• travel to a venue (in the case of a workshop: traveling one hour each way cuts deeply into your profits unless you have  a voice-to-text program and use your time to produce text)
    • impromptu consultations before and after programs or coaching sessions. (If you end up spending time after service talking to writers (in person or on the phone), you will need to factor this time in. How much of this time delivering services do you actually bill?
    • in-person visits to your office by prospective clients are a huge drain.
  4. Wrap up time. This is time spent with the venue director or anyone else evaluating the results of a program. It can also include more phone calls with the prospect or client who has “just one more question” and spend 40 minutes on the phone. (I offer a five minute check-in call. After that, I ask if the caller wants to have more time and if so, we can start the clock. This response takes some getting used to for Memoir Professionals who tend to be “Feelers” but it is effective in saving you time!)

Cost of goods includes (this is especially focused on workshop delivery):

  1. Your purchase price of books and memory binders for resale.
  2. The cost of transportation. This will certainly include gas and tolls.
  3. The materials that went into any handout.

Your income will depend on:

  1. The tuition or service fees collected,
  2. The profit from reselling materials,
  3. Other sales.

While it may seem a good idea to entice more workshoppers or service clients by offering extra features like a longer contact, it will mean that you will have to factor this into your income potential by raising it or by accepting a lower per-hour take which in some circumstances can be appropriate.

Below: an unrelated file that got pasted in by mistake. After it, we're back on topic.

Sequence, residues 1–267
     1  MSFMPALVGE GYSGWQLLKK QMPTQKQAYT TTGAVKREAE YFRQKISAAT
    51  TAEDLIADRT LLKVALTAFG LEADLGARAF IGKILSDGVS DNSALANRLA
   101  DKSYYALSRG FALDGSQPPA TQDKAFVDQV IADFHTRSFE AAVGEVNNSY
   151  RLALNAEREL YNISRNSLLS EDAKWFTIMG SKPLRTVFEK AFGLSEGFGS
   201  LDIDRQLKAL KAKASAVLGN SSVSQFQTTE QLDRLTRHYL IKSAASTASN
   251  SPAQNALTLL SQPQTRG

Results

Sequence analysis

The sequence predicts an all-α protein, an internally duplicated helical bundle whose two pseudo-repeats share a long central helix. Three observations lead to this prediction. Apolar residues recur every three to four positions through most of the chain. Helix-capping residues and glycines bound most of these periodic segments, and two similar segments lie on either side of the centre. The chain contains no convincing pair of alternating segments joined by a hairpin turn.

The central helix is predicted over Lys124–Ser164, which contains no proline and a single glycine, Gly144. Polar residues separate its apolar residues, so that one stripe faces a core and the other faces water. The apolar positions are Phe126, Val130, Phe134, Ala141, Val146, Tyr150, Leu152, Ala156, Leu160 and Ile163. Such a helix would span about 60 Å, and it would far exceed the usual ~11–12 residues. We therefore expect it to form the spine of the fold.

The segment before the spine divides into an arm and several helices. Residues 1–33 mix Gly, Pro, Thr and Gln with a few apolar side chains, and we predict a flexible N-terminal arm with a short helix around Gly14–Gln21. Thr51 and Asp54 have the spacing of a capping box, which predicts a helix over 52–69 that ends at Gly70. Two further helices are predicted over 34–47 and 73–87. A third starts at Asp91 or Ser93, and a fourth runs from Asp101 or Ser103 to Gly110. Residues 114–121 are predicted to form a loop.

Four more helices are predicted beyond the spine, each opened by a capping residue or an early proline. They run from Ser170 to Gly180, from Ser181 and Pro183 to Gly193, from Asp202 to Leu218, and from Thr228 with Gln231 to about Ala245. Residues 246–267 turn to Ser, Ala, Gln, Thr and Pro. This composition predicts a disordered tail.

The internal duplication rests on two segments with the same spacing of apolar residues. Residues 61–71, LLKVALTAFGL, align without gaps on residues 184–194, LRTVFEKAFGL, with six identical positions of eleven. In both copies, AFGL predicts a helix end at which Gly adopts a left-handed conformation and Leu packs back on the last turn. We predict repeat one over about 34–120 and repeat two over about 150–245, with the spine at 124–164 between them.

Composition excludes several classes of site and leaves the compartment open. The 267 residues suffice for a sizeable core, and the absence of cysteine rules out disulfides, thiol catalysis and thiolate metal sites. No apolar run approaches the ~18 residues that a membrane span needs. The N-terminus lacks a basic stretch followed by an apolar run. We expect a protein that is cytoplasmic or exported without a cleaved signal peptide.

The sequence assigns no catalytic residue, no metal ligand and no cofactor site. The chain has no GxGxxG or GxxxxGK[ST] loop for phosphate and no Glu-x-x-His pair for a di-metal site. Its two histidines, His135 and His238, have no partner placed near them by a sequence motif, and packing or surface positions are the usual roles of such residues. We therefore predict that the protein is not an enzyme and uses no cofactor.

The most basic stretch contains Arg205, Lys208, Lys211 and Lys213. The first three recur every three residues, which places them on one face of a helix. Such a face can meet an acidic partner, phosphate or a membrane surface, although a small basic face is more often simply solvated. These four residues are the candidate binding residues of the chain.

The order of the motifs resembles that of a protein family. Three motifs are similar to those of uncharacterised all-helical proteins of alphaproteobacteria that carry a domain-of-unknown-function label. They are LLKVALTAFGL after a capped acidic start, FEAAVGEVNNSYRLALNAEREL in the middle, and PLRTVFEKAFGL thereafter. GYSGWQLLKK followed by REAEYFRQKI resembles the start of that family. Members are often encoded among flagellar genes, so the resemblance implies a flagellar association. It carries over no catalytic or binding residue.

Action Step to Target Your Memoir Earnings

  1. Create a time sheet to jot down all the time you invest in your work (lawyers record every second they speak to you!). Over the space of several weeks and months, you will record both your hours and your income
  2. If you are dissatisfied with your income, there are several things you can set into motion to target your memoir earnings:
    • Increase the fee per client while keeping everything else the same.
    • Keep the fees at the same level but increase the maximum numbers of participants you will take in—in coaching this means group coaching. If you hit your higher number, you will increase your income and per-hour take.
    • Keep the tuition and numbers the same but decrease the number of hours you offer the workshop or group coaching (this allows you to offer another series and collect additional tuition for that new one, but it may lead to client deissartisfaction).

As a business person, you must necessarily be concerned with earning your target hourly wage.

In conclusion

Target your memoir earnings.

It’s your choice whether you earn enough or not. Don’t forget… You may not always pay attention to details, but the details will always pay attention to you!

Good luck!